Carl Redin, Southwest Painter
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Carl Redin fell in love with the vibrant New Mexico landscape and began to paint southwestern scenes. He was part of Albuquerque’s first community of artists that included Ben Turner, Nils Hogner and Carl Von Hassler. Of all of these artists, Redin was the only one who has had a one-man show at the Albuquerque Museum. The Museum featured his work in a show from September 1984 until January 1985. Redin remained in Albuquerque, painting the Sandias, the volcanoes and New Mexican scenes for most of his life. A heart condition forced him to leave New Mexico in 1940. He moved to California and died 4 years later. To quote an article from the Christian Science Monitor written in 1926: Redin’s work has always a happy mood. Whether in the vivid colors of Jemez Canyon or A Mountain Village, he seems to pick with unerring instinct the moods that only an artist could find. Mountains, trees, seasons, adobe houses, Indians—all these are truly a part of the New Mexican life, and these he paints.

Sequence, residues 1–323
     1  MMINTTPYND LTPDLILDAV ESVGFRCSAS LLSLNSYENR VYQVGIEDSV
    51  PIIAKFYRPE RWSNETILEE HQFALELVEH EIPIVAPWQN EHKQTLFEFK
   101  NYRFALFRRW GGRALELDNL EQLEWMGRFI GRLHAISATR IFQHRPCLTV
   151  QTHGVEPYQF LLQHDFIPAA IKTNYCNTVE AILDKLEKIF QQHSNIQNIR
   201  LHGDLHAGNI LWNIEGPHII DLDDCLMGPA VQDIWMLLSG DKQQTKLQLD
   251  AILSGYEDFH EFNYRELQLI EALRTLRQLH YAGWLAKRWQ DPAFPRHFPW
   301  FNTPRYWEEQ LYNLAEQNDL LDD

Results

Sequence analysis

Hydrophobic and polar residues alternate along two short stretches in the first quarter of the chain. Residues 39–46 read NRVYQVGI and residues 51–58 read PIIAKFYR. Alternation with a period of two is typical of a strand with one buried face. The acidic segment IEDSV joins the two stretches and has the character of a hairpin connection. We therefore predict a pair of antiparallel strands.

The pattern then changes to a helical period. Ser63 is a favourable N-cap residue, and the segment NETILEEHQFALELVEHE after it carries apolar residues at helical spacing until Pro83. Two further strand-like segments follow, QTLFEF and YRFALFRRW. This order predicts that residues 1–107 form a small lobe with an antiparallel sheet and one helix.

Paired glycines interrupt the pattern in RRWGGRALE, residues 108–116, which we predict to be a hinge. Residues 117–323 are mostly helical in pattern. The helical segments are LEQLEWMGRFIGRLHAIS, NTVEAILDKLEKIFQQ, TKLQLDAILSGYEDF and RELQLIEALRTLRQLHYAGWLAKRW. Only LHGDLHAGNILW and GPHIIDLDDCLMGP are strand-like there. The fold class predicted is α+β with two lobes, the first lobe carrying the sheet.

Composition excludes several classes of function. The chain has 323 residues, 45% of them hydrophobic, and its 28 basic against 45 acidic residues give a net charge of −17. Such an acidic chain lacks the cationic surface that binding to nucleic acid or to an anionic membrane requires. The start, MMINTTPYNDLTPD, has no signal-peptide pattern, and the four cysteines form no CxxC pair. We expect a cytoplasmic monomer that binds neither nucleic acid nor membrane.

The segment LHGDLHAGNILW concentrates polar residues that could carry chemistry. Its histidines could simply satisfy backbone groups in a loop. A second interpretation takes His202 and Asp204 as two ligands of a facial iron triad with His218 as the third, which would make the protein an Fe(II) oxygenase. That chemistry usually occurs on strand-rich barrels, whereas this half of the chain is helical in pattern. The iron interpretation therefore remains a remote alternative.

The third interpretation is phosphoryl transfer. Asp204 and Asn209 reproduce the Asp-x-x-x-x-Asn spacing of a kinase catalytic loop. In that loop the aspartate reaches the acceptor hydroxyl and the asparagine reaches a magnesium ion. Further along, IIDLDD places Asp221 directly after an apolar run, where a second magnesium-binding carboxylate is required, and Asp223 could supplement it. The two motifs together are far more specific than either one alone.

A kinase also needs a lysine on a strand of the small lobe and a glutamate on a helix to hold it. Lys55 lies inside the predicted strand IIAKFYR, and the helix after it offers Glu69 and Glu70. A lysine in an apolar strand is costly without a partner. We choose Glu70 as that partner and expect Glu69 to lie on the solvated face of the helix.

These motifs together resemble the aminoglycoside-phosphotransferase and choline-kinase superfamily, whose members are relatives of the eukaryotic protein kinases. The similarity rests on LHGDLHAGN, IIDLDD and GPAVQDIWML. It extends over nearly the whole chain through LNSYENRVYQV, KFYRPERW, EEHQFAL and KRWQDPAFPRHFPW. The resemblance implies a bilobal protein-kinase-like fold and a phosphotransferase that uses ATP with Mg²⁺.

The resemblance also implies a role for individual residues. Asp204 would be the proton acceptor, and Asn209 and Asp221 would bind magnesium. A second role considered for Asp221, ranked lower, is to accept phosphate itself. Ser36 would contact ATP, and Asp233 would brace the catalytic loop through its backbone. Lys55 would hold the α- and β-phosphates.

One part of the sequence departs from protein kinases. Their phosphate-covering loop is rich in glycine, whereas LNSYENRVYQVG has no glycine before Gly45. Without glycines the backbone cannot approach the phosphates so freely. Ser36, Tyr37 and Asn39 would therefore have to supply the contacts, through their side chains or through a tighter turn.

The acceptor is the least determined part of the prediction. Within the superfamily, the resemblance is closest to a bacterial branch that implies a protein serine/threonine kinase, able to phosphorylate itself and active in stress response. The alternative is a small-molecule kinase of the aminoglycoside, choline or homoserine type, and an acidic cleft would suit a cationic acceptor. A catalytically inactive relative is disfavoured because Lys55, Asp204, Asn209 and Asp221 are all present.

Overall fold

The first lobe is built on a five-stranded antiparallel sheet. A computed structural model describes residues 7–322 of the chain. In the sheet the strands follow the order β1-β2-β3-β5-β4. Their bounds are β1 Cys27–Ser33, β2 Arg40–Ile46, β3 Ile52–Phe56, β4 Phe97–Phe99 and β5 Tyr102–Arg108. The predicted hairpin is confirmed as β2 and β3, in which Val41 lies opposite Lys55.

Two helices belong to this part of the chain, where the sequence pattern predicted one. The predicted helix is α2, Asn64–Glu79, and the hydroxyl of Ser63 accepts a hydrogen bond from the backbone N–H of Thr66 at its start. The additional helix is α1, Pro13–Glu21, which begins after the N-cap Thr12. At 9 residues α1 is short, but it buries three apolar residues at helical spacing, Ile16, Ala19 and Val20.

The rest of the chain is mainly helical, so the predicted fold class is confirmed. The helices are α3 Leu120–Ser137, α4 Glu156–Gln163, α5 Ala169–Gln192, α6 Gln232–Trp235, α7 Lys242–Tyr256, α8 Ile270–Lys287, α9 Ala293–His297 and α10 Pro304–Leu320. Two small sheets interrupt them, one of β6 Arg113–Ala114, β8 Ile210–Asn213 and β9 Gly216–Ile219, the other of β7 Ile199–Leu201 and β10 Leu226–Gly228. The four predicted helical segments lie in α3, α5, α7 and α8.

Carl Redin was born in Sweden in 1892. As a youngster, he was fascinated with the American west. His talent was recognized at a young age and he was afforded the opportunity to study art for a short period of time in Stockholm when he was 14. He was drafted into the Swedish Navy and when he had 3 years left to serve, he immigrated to the US and settled in Chicago. In 1916, he was diagnosed with tuberculosis and, like many others of the time period, decided to “take the cure” at Albuquerque’s Methodist Deaconess Sanitorium. He passed away in 1944.
— Information taken from Catalog of Carl Redin show. Albuquerque Museum, 1984
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